Meanwhile, committee members expect the cost of the search to exceed $100,000, Mayor Denise Simmons said at an August meeting. The search will be nationwide, but the committee has not ruled out hiring from within the school district.

City searches for answers to the homeless question

By Stephanie Butler

CAMBRIDGE – A man wearing tattered clothes rests on the bench in the Harvard Square MBTA station, his eyes closed, oblivious to the impatient people around him who are waiting for their rides to work.

Up on the street, another man with a shopping cart full of black garbage bags sits on the sidewalk and surveys the pedestrians passing in front of him.

The number of homeless in the city is on the rise, and with the faulting economy city officials think it could worsen.

At the Oct. 20 City Council meeting, Mayor Denise Simmons requested the City Manager to report back with a plan on how to lessen the "short and long-term impact the current economic crisis will have on homelessness" in the city.

The city already offers a 21 page resource guide for homeless people, which includes information on shelters, medical care and other services needed.

Councilor Henrietta Davis said that eliminating the state’s income tax, which is Question 1 on the Nov. 4 ballot, would only worsen the problem because it would reduce the funding for homeless services.

In January, a census counted 487 homeless in the city, a nine percent increase from last year when officials counted 432.

The crisis even extends to students - 249 were listed this year as homeless or living with relatives after losing their home, according to a November report released by Cambridge Public Schools.

The tough economic times the country is also impacting people who might not be homeless, but can't afford to feed their families.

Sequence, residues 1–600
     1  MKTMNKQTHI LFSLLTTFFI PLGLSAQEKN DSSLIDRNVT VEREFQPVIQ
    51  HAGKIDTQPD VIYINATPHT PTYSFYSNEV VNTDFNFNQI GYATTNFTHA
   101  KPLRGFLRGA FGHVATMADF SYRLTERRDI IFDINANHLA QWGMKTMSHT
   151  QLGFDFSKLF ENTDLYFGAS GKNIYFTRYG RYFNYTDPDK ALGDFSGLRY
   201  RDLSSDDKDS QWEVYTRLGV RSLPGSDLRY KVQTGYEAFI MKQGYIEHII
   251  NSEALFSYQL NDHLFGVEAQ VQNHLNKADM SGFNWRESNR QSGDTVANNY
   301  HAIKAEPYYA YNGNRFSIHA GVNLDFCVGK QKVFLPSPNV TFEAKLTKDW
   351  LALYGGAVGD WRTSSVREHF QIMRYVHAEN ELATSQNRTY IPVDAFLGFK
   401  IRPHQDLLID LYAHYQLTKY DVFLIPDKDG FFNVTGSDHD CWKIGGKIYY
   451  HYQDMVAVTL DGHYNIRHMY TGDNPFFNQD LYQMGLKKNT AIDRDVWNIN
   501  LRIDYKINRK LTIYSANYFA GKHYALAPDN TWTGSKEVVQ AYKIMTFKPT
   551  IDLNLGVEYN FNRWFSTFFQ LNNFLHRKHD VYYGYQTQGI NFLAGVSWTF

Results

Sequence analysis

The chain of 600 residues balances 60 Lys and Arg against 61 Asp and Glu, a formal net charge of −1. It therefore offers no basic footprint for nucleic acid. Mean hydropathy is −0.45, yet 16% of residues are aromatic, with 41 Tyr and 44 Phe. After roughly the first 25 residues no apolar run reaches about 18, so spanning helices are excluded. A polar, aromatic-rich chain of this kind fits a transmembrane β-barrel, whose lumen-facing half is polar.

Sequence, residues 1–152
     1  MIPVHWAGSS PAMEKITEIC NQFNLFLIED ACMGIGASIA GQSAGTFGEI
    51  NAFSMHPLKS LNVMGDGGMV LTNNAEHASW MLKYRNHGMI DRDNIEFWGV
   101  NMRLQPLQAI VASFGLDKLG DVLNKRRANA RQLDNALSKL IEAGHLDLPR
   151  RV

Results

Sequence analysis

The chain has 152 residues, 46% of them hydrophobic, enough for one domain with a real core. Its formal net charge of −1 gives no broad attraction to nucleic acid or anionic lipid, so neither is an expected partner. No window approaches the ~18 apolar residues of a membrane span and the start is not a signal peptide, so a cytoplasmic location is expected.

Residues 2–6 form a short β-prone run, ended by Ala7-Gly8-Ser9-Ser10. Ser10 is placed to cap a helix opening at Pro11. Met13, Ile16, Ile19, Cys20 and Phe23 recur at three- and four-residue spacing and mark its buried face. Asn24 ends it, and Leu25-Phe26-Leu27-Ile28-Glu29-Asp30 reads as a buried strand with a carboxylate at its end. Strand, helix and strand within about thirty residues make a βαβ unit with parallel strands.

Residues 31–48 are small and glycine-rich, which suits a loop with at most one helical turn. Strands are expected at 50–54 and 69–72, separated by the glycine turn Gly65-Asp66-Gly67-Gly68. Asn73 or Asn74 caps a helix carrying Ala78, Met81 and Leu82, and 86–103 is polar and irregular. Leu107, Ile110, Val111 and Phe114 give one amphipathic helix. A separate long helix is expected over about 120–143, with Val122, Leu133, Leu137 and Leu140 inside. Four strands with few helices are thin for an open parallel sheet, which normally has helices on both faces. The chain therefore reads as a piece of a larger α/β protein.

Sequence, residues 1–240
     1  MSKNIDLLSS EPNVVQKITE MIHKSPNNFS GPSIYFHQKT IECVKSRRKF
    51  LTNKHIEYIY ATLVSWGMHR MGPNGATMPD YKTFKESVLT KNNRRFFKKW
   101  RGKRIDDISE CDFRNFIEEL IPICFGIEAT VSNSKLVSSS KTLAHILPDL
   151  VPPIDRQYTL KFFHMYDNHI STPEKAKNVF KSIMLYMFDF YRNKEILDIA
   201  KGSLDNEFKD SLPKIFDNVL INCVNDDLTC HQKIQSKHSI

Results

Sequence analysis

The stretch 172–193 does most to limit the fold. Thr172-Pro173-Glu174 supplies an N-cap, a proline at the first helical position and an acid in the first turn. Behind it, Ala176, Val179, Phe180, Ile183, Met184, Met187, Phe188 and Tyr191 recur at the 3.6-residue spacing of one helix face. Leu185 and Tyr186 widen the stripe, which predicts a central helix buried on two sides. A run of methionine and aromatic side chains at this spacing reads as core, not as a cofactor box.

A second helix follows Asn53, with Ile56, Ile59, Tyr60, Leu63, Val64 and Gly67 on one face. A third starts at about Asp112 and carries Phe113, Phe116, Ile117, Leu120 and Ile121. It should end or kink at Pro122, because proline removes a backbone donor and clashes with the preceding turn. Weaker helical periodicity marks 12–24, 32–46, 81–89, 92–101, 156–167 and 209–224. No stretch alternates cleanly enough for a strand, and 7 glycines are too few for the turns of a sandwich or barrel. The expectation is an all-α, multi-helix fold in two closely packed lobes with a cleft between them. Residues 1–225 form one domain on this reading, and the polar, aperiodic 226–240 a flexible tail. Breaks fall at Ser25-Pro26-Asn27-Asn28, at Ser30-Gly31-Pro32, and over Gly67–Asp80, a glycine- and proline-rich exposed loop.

Food costs have almost doubled, and almost 200 new people have registered with the Cambridge Economic Opportunity Committee pantry, director Elaine DeRosa said.

“Whenever the economy is hurting, people in lower-income jobs are at risk,” said Fred Berman, a planner with the Department of Human Services.

Greenline extension project faces massive delays

By Stephanie Butler

CAMBRIDGE – The train pulls into Lechmere, the last stop of the MBTA Green Line, and a large group of passengers heads through a small tunnel to the other side of the station and begin to make their way to the Cambridgeside Galleria. Starting in 2014, these passengers will have a little farther to walk to get to the mall.

While the station has been the last stop of the E branch of the Green Line since 1922, developers broke ground for a new station in October 2006.

Some residents think the station is long overdue for improvements. Blogger Jon Petitt said it looks like a "crappy amusement park ride entrance."

Some were less than enthused about the move, especially East Cambridge residents, who will have to cross the Monsignor O’Brien highway to get to the station.

However, the construction of the $70 million new station, which will be called Lechmere at NorthPoint, has been plagued with problems since the beginning.

The city had extended a special deal to NorthPoint, a real estate developer, to build the station at the new site in exchange for giving the corporation the old property.

The company had planned to build condominiums at the old site.

Ongoing litigation is causing massive delays for the station which was slated to open in 2014 (pushed back from the original date of 2010), and the city is anxious to correct the problem. City Councilor Tim Toomey expressed his exasperation at the October 6 City Council meeting.

He requested the City Manager Robert Healy examine whether the city could rescind the special permit issued to NorthPoint "for not complying with mitigation efforts."

The NorthPoint development is jointly owned by two corporations, Cambridge NorthPoint LLC and Boston and Maine Corporation, and last year the two companies sued each other over the project. In July, a judge ordered them both to sell their interests in the project.

To prevent further delays, the state’s Executive Office of Transportation agreed in late August to take over construction.

“We are committed to ensuring the timely completion of this project and to holding the developers to all the commitments they have made,” spokesman Adam Hurtubise said.